Digital Teleconverter Extreme Test

This article features a selection of digital teleconverter extreme test images captured handheld during this past weekend in my backyard. As regular readers know, on occasion I enjoy conducting extreme tests with my camera gear. This helps me better understand the limitations of my camera equipment, as well as assess my current level of photographic skills.

NOTE: Click on images to enlarge.

OM-D E-M1X + M.Zuiko 100-400 mm f/5-6.3 IS with M.Zuiko MC-20 teleconverter and in-camera Digital Teleconverter @ 1600 mm, efov 3200 mm, f/13, -0.7 EV, 1/1000, ISO-1250, full frame capture, out-of-camera jpeg adjusted in post

In order to conduct an extreme test of my E-M1X’s digital teleconverter I started by deciding how I was going to set up my camera gear.

OM-D E-M1X + M.Zuiko 100-400 mm f/5-6.3 IS with M.Zuiko MC-20 teleconverter and in-camera Digital Teleconverter @ 1600 mm, efov 3200 mm, f/13, -0.7 EV, 1/1000, ISO-1000, full frame capture, out-of-camera jpeg adjusted in post

As you examine the EXIF data from the images in this article you will notice that I used an M.Zuiko 100-400 mm f/5-6.3 IS fully extended to 400 mm. In addition, I used an M.Zuiko MC-20 Teleconverter and my E-M1X’s in-camera digital teleconverter.

OM-D E-M1X + M.Zuiko 100-400 mm f/5-6.3 IS with M.Zuiko MC-20 teleconverter and in-camera Digital Teleconverter @ 1600 mm, efov 3200 mm, f/13, -0.7 EV, 1/1000, ISO-1250, full frame capture, out-of-camera jpeg adjusted in post

This combination creates a focal length of 1600 mm. For readers who relate to full frame terminology this is an equivalent field-of-view of 3200 mm.

OM-D E-M1X + M.Zuiko 100-400 mm f/5-6.3 IS with M.Zuiko MC-20 teleconverter and in-camera Digital Teleconverter @ 1600 mm, efov 3200 mm, f/13, -0.7 EV, 1/1000, ISO-640, full frame capture, out-of-camera jpeg adjusted in post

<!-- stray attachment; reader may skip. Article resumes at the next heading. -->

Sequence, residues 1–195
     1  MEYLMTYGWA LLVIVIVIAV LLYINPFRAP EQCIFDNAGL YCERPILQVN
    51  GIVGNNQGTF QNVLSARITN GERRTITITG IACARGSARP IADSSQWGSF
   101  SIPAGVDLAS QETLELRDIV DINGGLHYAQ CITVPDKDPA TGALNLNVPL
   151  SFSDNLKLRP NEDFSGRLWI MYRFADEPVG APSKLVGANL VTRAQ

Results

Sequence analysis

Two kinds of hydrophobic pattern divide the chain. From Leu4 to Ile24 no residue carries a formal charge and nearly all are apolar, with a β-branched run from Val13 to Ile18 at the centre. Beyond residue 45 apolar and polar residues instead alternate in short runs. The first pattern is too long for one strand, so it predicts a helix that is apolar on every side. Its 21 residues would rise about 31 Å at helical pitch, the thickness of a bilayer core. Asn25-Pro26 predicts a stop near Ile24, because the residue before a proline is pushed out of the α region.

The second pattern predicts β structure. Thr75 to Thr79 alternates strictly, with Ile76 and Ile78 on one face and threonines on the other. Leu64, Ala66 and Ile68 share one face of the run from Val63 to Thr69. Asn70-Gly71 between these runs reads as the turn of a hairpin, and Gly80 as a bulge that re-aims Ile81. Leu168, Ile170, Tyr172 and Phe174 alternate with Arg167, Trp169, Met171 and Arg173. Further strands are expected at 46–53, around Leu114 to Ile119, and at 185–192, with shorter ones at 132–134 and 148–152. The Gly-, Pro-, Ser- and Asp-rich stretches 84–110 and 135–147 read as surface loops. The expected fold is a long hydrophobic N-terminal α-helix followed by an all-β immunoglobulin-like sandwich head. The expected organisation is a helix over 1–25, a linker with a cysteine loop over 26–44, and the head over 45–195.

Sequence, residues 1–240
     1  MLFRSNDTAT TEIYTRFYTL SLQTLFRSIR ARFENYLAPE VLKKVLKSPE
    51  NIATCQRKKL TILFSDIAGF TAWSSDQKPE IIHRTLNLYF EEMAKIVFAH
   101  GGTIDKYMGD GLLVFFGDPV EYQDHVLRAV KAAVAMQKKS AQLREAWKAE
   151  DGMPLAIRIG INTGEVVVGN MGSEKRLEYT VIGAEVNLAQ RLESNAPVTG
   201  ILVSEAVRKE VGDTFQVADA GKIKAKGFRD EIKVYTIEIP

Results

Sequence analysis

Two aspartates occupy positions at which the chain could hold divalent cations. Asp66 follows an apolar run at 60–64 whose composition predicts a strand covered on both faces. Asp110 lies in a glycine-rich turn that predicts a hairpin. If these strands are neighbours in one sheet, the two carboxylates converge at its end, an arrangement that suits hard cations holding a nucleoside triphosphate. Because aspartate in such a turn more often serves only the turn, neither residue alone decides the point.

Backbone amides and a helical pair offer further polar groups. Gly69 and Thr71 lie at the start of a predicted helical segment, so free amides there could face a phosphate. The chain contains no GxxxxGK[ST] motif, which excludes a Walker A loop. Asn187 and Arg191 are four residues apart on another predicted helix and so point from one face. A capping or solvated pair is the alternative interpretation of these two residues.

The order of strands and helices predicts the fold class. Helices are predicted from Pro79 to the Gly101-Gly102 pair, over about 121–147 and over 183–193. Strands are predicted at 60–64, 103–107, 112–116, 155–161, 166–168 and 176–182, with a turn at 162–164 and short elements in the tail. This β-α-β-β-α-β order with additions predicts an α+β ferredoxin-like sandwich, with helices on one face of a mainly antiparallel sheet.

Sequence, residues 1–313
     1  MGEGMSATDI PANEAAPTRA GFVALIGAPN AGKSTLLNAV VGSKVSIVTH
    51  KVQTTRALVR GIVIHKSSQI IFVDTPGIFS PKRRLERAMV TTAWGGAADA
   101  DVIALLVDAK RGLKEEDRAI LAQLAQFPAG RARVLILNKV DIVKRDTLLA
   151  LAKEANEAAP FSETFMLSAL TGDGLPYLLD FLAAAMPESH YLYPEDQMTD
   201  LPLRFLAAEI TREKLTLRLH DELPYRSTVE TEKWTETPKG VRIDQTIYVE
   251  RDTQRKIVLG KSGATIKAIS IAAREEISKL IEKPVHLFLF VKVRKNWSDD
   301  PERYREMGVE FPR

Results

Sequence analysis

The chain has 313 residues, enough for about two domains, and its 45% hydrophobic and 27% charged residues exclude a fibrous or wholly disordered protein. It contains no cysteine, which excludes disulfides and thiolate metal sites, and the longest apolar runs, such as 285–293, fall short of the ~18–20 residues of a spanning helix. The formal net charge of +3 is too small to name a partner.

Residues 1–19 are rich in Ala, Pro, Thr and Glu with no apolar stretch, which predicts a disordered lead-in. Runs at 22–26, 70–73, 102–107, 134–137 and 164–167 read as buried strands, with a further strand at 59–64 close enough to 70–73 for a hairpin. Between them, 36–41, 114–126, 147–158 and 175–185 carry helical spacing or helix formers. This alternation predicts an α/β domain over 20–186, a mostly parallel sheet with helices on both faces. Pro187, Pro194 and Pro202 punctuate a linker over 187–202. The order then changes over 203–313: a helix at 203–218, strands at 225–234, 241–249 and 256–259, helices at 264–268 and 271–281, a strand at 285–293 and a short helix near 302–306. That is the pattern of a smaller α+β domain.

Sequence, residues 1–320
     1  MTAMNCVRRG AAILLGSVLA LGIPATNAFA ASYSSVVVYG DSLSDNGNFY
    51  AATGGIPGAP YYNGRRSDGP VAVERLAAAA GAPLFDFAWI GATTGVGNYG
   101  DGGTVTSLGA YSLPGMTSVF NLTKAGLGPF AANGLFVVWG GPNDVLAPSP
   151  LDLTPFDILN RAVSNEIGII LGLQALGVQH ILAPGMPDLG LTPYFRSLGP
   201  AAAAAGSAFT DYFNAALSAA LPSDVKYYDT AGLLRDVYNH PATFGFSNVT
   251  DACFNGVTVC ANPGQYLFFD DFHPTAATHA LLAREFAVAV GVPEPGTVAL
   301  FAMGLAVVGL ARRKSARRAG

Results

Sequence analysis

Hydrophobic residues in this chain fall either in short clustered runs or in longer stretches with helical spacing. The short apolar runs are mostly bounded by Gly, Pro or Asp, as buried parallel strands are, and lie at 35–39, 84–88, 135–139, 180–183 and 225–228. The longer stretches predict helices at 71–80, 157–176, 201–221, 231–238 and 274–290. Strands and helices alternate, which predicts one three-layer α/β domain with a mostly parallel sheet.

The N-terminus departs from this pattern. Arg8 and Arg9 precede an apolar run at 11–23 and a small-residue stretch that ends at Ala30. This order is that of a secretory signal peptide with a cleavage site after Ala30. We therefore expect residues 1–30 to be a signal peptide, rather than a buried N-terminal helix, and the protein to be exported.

I used my trusty stool so I could get close to the ground and achieve more pleasing shooting angles. For the most part I was photographing bees, flies and ants in bright sunlight, so I used -0.7 EV exposure compensation for the majority of my images.

OM-D E-M1X + M.Zuiko 100-400 mm f/5-6.3 IS with M.Zuiko MC-20 teleconverter and in-camera Digital Teleconverter @ 1600 mm, efov 3200 mm, f/13, -0.7 EV, 1/1000, ISO-1000, full frame capture, out-of-camera jpeg adjusted in post

All of the images featured in this article are full frame captures without any cropping done to them at all. When using the digital teleconverter the output is a jpeg file.

OM-D E-M1X + M.Zuiko 100-400 mm f/5-6.3 IS with M.Zuiko MC-20 teleconverter and in-camera Digital Teleconverter @ 1600 mm, efov 3200 mm, f/13, -0.7 EV, 1/1000, ISO-1250, full frame capture, out-of-camera jpeg adjusted in post

These were adjusted modestly in post using PhotoShop CS6, and out-of-date versions of the Nik Collection, Topaz Denoise AI and/or Topaz Sharpen AI. I was situated about 1.3 to 1.5 metres away (~ 4.3 to 5 feet) from subject insects for most of the photographs in this article.

OM-D E-M1X + M.Zuiko 100-400 mm f/5-6.3 IS with M.Zuiko MC-20 teleconverter and in-camera Digital Teleconverter @ 1600 mm, efov 3200 mm, f/13, -0.7 EV, 1/1000, ISO-800, full frame capture, out-of-camera jpeg adjusted in post

To say it was challenging to locate insects in my viewfinder at this extreme focal length on a handheld basis… and in such close quarters… is an understatement of significant proportions.

I was not expecting to create any high quality images given the aggressive settings I was using… i.e. a zoom lens fully extended to 400 mm… with a 2X teleconverter… shooting at f/13…. and with a 2X digital teleconverter.

OM-D E-M1X + M.Zuiko 100-400 mm f/5-6.3 IS with M.Zuiko MC-20 teleconverter and in-camera Digital Teleconverter @ 1600 mm, efov 3200 mm, f/13, -0.7 EV, 1/1000, ISO-800, full frame capture, RAW file adjusted in post, cropped to 3257 pixels on the width

As could be expected, there is a loss of image quality when shooting with such extreme settings… especially when the output is a jpeg file. The image above was created from the corresponding RAW file… which excludes the digital teleconverter effects. If you toggle back and forth between the two previous images, you can see more details and better colour rendition were possible from the RAW file. This is to be expected.

OM-D E-M1X + M.Zuiko 100-400 mm f/5-6.3 IS with M.Zuiko MC-20 teleconverter and in-camera Digital Teleconverter @ 1600 mm, efov 3200 mm, f/13, -0.7 EV, 1/1000, ISO-1250, full frame capture, out-of-camera jpeg adjusted in post